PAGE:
An article by Sarah Long, Columnist for the Daily Herald out of Chicago is a fitting memorial to Judith Krug, the longtime director of the American Library Association's Freedom to Read Foundation. Krug passed away on April 11, 2009. Long explains that Krug fought censorship on behalf of libraries for more than 40 years. She moved librarianship from a quiet commitment to freedom to read to an overt, organized, policy-based movement based on that commitment.
Robert P. Doyle, executive director of the Illinois Library Association, expressed it this way:
It wasn't that Judith just generated media attention, which she did. Rather she set about the arduous task of coalition building. She reached out to publishers, booksellers, authors, school administrators, teachers, journalists and lawyers both individually and through their associations. She built coalitions based on a common belief in free expression and commitment to intellectual freedom. At ALA, she worked tirelessly with members to fight censorship efforts. Krug evolved a sort of 'case law' of precedents and policies and set up structures of support for libraries and individuals who were involved in censorship incidents.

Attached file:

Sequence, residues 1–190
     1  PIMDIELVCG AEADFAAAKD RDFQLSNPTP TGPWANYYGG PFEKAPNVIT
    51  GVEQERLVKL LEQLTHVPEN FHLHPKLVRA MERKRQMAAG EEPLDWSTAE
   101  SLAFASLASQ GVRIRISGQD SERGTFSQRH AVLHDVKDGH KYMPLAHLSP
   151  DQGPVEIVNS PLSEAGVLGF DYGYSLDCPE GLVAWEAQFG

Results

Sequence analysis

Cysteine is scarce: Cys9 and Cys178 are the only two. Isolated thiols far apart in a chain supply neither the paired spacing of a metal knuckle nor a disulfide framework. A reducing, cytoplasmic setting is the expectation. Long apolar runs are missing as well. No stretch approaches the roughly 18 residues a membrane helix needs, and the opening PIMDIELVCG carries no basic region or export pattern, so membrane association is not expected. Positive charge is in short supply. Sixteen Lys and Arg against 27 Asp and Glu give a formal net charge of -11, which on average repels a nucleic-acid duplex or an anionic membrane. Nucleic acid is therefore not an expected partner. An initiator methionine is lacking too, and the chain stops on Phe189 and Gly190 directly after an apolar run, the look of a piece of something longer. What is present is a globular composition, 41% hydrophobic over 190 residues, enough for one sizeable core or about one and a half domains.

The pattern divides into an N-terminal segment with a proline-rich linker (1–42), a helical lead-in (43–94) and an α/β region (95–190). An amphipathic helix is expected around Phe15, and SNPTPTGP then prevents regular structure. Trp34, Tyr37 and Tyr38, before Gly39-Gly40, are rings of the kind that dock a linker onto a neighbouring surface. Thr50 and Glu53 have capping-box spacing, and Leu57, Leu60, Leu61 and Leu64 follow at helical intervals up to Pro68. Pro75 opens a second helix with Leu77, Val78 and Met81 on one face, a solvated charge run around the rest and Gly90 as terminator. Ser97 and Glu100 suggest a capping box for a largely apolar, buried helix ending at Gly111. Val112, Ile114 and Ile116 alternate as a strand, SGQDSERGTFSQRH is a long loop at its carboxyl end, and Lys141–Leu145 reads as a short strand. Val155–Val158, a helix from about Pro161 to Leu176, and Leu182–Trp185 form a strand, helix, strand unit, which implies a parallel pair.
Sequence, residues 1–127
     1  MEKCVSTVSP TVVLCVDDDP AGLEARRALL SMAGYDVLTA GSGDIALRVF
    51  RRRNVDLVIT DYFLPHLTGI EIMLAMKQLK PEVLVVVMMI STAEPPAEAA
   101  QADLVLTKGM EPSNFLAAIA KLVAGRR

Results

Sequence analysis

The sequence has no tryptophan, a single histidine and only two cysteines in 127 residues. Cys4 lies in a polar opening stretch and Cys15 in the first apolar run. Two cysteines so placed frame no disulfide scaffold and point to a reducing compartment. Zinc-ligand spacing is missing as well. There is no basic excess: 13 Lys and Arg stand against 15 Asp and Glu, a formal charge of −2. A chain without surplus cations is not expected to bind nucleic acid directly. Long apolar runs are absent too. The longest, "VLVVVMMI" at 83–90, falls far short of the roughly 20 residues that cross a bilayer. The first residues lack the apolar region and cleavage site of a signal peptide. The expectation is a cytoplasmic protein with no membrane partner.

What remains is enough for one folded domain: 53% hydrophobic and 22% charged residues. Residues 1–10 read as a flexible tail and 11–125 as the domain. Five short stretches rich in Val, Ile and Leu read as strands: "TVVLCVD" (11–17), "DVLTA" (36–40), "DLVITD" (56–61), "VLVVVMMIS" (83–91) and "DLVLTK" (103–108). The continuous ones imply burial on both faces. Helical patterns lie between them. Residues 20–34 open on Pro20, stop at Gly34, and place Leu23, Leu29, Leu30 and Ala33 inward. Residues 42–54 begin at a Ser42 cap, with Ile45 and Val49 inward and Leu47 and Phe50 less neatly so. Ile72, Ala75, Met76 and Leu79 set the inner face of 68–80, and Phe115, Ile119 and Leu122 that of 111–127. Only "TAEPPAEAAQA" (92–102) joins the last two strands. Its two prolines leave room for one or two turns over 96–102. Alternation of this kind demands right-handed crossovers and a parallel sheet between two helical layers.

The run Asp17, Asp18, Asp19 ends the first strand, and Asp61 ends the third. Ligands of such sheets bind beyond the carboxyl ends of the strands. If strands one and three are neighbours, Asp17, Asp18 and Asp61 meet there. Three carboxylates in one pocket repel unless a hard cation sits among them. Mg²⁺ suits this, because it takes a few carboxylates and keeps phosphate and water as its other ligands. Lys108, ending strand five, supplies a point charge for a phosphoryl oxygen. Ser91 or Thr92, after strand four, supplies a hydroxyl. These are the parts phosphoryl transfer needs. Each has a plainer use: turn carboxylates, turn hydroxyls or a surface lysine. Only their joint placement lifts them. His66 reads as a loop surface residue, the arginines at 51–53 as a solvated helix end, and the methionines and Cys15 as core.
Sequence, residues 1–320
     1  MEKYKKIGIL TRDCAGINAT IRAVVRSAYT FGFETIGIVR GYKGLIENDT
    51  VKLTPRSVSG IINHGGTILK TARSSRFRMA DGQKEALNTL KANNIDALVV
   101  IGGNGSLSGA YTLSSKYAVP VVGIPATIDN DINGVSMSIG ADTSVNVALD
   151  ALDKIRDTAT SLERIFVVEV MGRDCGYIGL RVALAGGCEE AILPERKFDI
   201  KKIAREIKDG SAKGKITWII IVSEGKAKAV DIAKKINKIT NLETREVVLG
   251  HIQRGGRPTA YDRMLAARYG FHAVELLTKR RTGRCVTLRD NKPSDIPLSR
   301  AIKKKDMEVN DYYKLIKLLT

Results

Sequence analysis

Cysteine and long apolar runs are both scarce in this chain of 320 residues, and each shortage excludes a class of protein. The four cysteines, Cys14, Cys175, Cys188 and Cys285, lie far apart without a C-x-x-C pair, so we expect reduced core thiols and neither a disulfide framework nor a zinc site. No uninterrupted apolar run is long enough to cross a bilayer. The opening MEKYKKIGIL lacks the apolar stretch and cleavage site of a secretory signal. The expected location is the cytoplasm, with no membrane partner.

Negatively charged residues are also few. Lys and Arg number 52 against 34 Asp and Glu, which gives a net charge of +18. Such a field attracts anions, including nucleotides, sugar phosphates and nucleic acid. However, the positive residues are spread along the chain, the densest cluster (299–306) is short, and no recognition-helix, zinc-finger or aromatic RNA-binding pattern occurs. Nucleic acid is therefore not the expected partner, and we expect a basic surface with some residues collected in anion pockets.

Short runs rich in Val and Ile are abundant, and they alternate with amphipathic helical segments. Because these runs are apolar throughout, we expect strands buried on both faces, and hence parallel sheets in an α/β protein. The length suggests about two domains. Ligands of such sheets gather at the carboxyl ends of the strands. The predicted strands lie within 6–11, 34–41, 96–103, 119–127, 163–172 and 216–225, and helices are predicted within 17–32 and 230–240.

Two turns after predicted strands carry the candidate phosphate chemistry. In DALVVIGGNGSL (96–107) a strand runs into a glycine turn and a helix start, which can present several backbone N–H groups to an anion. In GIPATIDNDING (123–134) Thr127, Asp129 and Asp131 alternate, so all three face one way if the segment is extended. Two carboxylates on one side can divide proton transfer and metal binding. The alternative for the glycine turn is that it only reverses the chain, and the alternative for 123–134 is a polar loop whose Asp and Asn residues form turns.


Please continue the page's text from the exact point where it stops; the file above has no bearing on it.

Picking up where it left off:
In 1982, Krug created Banned Books Week which will be celebrated the last week in September in the US. It is sponsored by a coalition of organizations including the American Booksellers Association, American Booksellers Foundation for Free Expression, American Society of Journalists and Authors, Association of American Publishers, National Association of College Stores and the Center for the Book in the Library of Congress.